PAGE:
Amid the patchwork of state-level approaches to healthcare reform, California has always stood out for its all-in embrace of the Affordable Care Act.
The state expanded Medicaid, taking full advantage of a federal government subsidy of the expanded program's costs -- starting at 100% from 2014 to 2016 and settling at 90% this year and beyond.
It established its own individual insurance exchange, Covered California, and managed it actively so that coverage options and expenses would be understandable for applicants and benefits would be consistent.
When the Trump administration and Congressional Republicans pursued a strategy of undermining the ACA by cutting marketing budgets and allowing cheap junk insurance plans to flood the market, California resisted.
The state banned junk plans, instituted an individual mandate penalty as a substitute for the penalty the GOP Congress repealed in 2017 and extended premium subsidies further into the middle class than the federal subsidies did.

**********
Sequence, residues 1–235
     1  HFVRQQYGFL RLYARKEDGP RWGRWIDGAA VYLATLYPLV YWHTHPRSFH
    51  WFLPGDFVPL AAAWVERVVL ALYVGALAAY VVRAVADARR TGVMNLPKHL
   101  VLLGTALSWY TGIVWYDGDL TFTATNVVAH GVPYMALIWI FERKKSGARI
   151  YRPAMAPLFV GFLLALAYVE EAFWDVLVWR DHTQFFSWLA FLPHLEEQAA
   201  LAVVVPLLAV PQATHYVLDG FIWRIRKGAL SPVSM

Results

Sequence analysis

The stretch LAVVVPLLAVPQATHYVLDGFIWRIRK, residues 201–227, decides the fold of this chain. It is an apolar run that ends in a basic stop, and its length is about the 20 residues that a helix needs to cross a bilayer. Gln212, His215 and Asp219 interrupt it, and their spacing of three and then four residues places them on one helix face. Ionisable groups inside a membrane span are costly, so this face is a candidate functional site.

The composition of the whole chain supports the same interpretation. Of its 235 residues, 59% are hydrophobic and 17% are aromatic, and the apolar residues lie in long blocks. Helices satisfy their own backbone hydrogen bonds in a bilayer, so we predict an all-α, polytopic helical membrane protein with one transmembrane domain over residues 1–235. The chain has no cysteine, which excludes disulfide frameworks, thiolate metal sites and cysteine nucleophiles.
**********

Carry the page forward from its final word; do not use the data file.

The result has been continued strong enrollments and comparatively moderate premium increases. More than 418,000 Californians enrolled in Covered California during open enrollment for the first time for 2020, a 41% increase from the year before. The state exchange covers about 1.5 million members.
As I reported a few months ago, during that halcyon era before COVID-19 became the nation's No. 1 concern, since the inauguration of the individual insurance exchanges in 2013, California's uninsured rate has fallen by 10 percentage points, to 7.2%.
That's the largest drop in the nation. Among "eligible uninsured" people -- that is, excluding those barred from participating because of their immigration status, such as adult undocumented residents -- the rate is even lower, 3%.
The question this spring was whether the coronavirus would upend the system Covered California created. The answer appears to be no. Covered California on Tuesday announced that average premiums for 2021 will rise by 0.6% -- even lower than the 0.8% increase charged for coverage this year over last.
Customers willing to shop for new 2021 plans, the exchange says, can do even better -- reducing their rates by an average of 7.3% statewide and as much as 13.4% in parts of Los Angeles County, without changing their benefits. The figures don't reflect state and federal subsidies, which can reduce premiums even further.